3 – Education:

An important part of the work will always be educating the public. Since opening One Big Table for example, from time to time we have been labelled as “an expensive grocery store”. While grossly simplistic, such statement really highlights the lack of understanding of the real costs of Food Production .

What you might label as expensive, includes ethical practices and fair wages for those involved in its production, while its counterpart, (mass produced & chea food) neglects to include significant hidden costs. Its questionable production practices carry a profound effect on our environment, state and well being – and eventually we pay its full price.

4 – Language:

Language is often a simple place to start when promoting change at a system level. By changing our language, we can adjust how we perceive a specific topic and through repetition, its message is normalized.

Our current language around food is particularly revealing in that sense. When for example a major outbreak plagues a chicken operation, the animals are said to be “destroyed”. The word Foodie on its own conjures images of exclusivity and privacy. Let’s take back our language and be mindful of its use: chickens are not a product and while the topic of eating animals deserves a whole separate discussion, the difference between destroying and killing is subtle but clear.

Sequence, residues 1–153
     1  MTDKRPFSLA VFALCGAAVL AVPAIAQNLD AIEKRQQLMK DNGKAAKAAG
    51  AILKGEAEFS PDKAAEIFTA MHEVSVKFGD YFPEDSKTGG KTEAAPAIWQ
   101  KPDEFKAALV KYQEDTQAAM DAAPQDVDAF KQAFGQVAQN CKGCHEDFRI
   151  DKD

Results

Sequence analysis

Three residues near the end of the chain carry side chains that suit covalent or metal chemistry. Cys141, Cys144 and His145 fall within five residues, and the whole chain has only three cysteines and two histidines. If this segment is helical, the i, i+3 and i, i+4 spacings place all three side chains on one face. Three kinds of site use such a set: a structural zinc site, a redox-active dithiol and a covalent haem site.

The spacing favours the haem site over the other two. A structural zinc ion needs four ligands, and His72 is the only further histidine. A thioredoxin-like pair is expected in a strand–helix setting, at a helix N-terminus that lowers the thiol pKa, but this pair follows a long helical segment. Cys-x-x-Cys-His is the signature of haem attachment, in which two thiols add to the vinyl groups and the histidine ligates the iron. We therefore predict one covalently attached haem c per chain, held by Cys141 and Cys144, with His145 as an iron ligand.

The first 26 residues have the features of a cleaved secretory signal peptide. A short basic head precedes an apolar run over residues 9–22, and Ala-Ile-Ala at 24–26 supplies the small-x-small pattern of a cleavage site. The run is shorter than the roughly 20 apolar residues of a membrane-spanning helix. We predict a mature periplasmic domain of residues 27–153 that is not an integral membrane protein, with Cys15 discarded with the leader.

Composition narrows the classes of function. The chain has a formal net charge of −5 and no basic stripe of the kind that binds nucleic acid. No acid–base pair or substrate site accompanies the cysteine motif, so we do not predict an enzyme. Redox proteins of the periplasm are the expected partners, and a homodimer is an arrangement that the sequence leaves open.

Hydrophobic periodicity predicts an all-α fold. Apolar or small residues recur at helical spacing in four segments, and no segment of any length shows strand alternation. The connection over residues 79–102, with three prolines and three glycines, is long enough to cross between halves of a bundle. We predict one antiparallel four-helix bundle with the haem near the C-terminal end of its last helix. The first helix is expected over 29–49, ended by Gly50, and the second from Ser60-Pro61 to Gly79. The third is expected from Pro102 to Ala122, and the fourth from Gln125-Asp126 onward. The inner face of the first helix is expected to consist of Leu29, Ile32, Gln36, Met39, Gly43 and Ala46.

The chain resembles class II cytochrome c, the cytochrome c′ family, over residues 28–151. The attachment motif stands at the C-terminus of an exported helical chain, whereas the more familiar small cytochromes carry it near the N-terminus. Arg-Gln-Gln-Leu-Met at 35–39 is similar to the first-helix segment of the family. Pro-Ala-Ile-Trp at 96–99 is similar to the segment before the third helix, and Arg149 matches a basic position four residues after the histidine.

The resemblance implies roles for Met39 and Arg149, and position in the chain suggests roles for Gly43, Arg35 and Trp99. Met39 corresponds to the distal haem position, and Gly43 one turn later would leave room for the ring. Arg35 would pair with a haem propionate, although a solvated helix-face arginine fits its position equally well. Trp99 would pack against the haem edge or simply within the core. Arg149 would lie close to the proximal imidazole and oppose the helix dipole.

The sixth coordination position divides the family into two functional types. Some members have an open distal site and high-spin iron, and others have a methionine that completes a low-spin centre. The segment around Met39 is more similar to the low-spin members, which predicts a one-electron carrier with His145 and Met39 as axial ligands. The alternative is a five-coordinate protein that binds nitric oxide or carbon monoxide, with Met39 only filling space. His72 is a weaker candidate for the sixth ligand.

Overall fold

Repetition helps reshaping ideas on a conceptual level and language offers us a simple opportunity to start practicing the ideas we want to promote & affirm.

5 – There is Power in Numbers:

The power that the consumer holds is immense and often highly underestimated. Colourfully put if you stop buying crap, industries will stop producing crap. In my country of origin, the movement to ban GMO started at a grassroots level. As it grew and gained momentum, it became difficult for the government to not pay attention to its growing voice forcing the discussion from the street to a legislative context.

The result? Currently Italy bans the growth of GMO crops in all 20 regions. By consciously choosing what we eat, defining practices, and affirming rights, we do have the opportunity to shape our reality.

6 – Participation:

It is by working together that we can bring balance and understanding to the food we eat & the products we use. It is by working together that we can address issues and understand how to solve them.

Sure we need leaders to guide us through the steps of social change; to stop doing the same things and truly invite innovative solutions on those issues we collectively consider to be important.
But where would all leaders be without people?
Where will their ideas be without people supporting them?

They would be just that – an idea and a bank account deep in the red. We need leaders to guide us, but leaders need people to support their vision, give it strength and momentum as they grow and move forward.

We are the people.

However small the difference you believe you can make in creating the world we live in, it is (as) essential in creating change as it is having the fortune to have strong leaders in our community. We can sit around and complain or we can play a role, however small in building a new world.

So let’s dance.

(Photo Credit: Katie Nugent Photography)